At Franklin Village just south of Launceston stands the beautiful little ‘Village Chapel’ which has a most interesting history.
The area has been known as Franklin Village since 1837.
The chapel was built in 1844-45 at the request of Mrs Martha Hawkes, on an acre of land being a portion of a grant to former convict Britton Jones who earlier built the house opposite.
Originally known as The Hollies in 1888, since 1960 the home has been owned by the National Trust and now bears the name Franklin House.
William Keeler Hawkes ran his Classical and Commercial School at the house from 1842 until 1866. The young boys at Mr Hawkes’ Academy attended Sunday School and service every Sunday.
In October 1844 the chapel’s foundation stone was laid. The community raised the funds and the church was built by government convicts.
The building was completed in six months and the Bishop of Tasmania, the Right Reverend Francis Russell Nixon opened the Village Chapel as a place of worship. The burial ground was consecrated at this time.
Being on the main road to Hobart the chapel became a gathering place for social and religious services for the growing farming district and since those early days, it has developed into a place of distinction and honour.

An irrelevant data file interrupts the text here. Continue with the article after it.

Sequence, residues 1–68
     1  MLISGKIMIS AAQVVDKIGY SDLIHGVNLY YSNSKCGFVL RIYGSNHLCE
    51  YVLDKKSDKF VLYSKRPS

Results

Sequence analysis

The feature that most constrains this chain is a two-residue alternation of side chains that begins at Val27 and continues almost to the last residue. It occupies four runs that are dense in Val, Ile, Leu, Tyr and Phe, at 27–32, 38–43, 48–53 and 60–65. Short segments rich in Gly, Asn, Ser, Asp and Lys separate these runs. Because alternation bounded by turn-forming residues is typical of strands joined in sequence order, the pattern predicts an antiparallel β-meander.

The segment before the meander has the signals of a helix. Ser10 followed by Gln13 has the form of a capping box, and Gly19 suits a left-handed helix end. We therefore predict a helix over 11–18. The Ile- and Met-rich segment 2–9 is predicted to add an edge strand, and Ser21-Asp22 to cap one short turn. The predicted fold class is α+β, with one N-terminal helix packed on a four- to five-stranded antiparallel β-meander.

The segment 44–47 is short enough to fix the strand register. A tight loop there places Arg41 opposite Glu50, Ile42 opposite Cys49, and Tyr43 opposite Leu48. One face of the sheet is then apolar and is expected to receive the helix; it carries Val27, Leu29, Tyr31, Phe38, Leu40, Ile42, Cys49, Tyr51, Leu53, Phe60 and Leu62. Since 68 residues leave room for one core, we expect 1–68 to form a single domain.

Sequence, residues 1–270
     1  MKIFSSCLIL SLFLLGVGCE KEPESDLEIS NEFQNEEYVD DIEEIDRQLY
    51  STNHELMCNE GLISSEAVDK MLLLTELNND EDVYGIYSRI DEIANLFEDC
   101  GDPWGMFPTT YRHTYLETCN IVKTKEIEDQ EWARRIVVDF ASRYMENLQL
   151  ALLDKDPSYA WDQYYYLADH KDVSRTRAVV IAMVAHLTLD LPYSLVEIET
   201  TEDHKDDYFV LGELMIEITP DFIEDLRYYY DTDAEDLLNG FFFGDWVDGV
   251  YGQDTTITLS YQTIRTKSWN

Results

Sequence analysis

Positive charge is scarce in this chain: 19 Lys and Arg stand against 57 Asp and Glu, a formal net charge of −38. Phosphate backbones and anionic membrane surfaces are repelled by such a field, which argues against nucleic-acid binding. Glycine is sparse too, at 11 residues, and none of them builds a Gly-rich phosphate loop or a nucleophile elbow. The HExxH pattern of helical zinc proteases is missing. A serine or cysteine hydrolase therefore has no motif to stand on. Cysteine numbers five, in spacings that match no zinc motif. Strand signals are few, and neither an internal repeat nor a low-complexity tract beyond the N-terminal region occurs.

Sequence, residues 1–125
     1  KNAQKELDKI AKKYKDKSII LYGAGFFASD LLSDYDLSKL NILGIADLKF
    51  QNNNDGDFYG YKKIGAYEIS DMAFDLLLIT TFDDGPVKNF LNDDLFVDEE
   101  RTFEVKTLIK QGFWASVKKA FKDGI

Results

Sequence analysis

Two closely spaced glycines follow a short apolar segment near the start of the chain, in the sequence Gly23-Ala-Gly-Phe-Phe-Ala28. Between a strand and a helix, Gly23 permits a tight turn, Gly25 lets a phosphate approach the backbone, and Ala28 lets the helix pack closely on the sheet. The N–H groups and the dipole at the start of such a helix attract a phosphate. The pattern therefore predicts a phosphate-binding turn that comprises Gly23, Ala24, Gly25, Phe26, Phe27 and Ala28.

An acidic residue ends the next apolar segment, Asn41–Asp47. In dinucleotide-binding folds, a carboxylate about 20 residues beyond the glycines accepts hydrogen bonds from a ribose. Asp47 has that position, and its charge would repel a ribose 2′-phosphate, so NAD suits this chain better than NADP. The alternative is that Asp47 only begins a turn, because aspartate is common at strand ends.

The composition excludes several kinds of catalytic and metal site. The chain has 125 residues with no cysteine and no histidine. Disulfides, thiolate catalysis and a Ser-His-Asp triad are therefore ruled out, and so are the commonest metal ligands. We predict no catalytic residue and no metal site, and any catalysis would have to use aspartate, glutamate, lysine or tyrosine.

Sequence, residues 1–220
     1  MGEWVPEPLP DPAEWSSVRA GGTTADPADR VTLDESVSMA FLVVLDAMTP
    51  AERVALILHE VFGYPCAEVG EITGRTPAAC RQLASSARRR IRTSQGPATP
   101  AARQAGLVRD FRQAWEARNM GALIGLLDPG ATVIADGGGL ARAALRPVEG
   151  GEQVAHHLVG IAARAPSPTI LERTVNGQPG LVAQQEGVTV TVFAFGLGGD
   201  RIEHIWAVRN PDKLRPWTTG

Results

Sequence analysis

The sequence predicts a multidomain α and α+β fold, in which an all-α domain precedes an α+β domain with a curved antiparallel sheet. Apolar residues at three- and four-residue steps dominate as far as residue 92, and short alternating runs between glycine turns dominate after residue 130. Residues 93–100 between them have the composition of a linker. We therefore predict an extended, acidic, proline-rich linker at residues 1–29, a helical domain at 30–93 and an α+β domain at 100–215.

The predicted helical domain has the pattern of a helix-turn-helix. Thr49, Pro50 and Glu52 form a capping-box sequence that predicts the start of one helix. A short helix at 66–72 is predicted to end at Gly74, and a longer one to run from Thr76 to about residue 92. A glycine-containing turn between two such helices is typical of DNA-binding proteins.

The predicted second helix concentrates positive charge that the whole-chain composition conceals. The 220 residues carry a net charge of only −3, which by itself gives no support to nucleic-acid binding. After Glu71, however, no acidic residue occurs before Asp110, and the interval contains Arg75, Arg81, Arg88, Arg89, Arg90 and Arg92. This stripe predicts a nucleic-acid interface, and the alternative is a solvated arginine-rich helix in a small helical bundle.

Many men and women of the district who served in World War I are named on an Honour Roll.
The altar, prayer desk and lectern are of blackwood carved by Hugh Cunningham and the altar rail (Nel Gardner memorial) and the Bishop’s Chair (Richard Hughes memorial) were carved by Gordon Cumming.
Both gentlemen are known for their beautiful work in other sacred spaces.
Two stained-glass windows (Grubb memorials) light the chancel area.
Behind the chapel is the burial ground wherein lie many worthy people noted for their community endeavour.
Theodore Bryant Bartley was one who was granted land near the village which he named Kerry Lodge.
He was a leader in business, agriculture and community affairs. In the 1820s Bartley was the first churchwarden of St John’s, Launceston.
He and his wife and several of their large family were buried in the chapel grounds.
It was not until 1926 that the little Village Chapel was consecrated and dedicated in the name of the Apostle as St James’ Church.
The village, the house and the church are today a very popular centre on the tourist trail.
Although the church is not used very often, plots in the burial ground are still reserved for family members.